Since then I have lived an isolated existence, alone in my small house here, in the outskirts of Vienna, and promptly changed my name to Basil Von Neumann. I sign all my paintings with the initials BVN, and the false letters I write to myself all start with that name also. Basil the bachelor, Basil the artist, Basil the generous socialite, Basil the flâneur, the philosopher, the Austrian Gatsby.
“This is the Chianti piece I was telling you about,” I told her, as we waited for the soup to boil.
“It’s very beautiful. It just fits perfectly with yesterday’s pool scene.”
“That’s what I thought as well. I wrote this postcard to go with it,” I said as I handing her an envelope, stamped and all, “from Basil to Rosalia. Never mailed. I suspect people will wonder why he never sent it. Did he have a change of heart? A sudden bout of foreboding? Had he heard a rumor, was she getting married to someone else? Really, the options are endless.”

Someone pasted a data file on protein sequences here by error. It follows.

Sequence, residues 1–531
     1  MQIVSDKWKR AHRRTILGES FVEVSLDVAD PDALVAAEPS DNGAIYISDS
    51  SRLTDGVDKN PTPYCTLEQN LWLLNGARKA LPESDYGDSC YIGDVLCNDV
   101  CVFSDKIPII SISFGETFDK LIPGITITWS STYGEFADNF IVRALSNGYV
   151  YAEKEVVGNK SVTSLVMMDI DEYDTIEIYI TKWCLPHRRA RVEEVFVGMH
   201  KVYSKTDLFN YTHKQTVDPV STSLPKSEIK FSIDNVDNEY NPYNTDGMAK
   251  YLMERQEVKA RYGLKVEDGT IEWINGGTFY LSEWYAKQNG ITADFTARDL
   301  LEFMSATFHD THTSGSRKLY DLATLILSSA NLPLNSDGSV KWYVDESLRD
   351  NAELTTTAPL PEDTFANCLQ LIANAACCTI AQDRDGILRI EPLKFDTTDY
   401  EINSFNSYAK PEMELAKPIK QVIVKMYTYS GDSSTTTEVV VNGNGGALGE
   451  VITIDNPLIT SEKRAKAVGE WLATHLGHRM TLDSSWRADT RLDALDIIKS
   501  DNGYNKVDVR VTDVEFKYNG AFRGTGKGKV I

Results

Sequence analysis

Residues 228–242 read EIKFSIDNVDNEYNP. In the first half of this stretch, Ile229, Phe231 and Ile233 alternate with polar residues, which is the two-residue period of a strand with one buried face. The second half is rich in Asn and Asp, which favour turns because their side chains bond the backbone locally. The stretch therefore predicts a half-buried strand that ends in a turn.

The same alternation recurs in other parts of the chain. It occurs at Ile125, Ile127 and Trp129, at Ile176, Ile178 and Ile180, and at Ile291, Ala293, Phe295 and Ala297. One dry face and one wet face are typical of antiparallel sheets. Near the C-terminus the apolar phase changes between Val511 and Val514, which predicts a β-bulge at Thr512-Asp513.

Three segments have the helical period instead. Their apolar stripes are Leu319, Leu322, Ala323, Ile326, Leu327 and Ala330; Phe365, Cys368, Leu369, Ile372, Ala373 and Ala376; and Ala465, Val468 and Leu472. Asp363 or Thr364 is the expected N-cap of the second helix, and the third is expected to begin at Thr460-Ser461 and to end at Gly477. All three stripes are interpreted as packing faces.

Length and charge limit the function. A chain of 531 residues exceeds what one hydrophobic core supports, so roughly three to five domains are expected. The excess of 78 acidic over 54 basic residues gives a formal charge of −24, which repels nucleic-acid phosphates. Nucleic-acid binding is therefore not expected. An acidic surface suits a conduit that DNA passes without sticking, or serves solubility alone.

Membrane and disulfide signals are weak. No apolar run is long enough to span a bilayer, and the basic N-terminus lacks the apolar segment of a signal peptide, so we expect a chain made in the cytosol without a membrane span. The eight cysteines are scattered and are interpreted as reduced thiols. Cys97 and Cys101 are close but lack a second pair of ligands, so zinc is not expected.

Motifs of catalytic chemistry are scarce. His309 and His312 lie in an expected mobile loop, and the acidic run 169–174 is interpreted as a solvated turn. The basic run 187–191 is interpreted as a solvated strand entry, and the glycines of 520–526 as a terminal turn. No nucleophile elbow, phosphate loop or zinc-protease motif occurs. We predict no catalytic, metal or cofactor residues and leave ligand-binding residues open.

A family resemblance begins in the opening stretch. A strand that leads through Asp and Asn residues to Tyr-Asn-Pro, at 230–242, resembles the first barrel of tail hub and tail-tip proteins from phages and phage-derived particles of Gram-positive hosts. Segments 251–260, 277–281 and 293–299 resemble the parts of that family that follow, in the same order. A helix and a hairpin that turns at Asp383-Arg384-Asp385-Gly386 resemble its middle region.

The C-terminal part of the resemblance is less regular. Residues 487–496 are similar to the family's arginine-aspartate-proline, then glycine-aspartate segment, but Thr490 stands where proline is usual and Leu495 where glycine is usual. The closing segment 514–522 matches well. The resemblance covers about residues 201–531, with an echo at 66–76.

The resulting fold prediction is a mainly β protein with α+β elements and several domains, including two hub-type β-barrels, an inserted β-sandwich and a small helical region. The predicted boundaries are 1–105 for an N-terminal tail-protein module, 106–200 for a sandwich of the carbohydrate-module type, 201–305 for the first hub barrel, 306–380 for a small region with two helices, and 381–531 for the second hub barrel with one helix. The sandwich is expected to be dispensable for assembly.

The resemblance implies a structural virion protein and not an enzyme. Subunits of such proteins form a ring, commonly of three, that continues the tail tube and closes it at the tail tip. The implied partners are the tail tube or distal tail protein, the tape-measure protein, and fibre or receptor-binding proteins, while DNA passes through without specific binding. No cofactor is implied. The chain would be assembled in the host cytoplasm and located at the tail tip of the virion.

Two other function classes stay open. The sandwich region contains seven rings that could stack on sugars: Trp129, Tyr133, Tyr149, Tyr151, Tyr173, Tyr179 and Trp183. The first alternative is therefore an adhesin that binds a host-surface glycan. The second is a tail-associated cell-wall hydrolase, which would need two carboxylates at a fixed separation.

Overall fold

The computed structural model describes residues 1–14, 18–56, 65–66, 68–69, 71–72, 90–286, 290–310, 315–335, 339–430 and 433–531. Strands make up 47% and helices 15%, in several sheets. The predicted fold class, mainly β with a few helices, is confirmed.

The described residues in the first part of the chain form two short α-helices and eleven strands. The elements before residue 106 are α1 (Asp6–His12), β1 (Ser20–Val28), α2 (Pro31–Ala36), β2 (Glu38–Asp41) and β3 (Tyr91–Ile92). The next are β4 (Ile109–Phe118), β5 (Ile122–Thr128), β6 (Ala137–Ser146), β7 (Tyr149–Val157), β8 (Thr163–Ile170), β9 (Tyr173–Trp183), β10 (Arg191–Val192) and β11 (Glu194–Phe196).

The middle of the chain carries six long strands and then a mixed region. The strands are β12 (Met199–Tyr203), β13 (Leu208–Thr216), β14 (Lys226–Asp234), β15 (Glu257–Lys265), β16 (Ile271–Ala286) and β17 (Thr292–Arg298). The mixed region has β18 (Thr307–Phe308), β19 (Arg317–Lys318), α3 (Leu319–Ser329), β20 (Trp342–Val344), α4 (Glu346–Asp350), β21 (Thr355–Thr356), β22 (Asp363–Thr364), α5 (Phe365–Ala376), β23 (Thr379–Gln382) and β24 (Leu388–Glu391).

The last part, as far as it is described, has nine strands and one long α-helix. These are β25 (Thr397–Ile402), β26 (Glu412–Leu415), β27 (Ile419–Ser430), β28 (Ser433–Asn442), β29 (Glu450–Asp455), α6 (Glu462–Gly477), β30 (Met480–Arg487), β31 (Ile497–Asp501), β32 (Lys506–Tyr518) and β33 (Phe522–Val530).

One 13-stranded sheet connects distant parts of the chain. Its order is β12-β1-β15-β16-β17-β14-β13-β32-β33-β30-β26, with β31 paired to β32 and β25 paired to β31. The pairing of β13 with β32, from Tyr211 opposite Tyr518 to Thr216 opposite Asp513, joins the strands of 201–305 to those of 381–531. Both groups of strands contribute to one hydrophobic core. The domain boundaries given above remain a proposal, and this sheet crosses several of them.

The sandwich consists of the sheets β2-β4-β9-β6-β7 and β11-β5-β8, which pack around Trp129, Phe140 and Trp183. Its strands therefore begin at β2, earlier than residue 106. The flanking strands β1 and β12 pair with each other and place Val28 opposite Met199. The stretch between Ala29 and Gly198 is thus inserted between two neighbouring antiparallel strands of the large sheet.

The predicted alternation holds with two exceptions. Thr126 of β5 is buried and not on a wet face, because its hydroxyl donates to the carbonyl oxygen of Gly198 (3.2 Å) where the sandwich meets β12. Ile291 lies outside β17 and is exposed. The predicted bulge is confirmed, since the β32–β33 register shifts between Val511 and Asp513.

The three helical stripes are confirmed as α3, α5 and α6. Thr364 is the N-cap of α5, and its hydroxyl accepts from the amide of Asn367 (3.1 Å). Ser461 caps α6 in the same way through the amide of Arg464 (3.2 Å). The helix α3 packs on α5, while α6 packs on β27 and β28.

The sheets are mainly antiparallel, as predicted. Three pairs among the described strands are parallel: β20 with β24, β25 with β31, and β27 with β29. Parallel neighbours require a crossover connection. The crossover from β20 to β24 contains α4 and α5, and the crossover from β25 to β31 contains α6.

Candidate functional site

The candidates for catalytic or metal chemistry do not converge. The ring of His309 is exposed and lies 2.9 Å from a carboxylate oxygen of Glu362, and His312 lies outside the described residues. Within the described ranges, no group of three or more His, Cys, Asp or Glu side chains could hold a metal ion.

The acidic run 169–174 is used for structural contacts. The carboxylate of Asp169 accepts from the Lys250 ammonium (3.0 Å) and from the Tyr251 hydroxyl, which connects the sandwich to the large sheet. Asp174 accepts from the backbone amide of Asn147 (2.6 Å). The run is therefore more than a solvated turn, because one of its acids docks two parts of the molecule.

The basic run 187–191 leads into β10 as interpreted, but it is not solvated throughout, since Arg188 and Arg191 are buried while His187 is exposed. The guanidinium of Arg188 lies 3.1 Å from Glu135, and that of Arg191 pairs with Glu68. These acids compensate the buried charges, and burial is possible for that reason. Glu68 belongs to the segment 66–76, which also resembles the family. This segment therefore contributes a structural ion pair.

“It’s incredibly romantic.”
“It is, isn’t it? Tomorrow I plan on taking Basil and several of his male friends to a party in Florence. That night he will return home entirely drunk, and create a very fun, quick little canvas of his evening.”
In a small journal Caroline jotted everything down. Her thin fingers darting from one side of the page to the other, like a mouse trapped in a small room. Though I knew the written word was an incredibly dangerous weapon, I also knew she had no one with whom she could share my stories. She was just as lonely as me. Perhaps even more so. At least I had my dog.
After lunch Caroline, as always, left. In the afternoon I painted, then ate the left over soup for dinner. At nine o’clock I went to bed, and woke up the following morning at precisely five-thirty. For five days straight I went about my days in the exact same manner. Then, on the sixth day, my birthday nonetheless, everything changed. For the worst.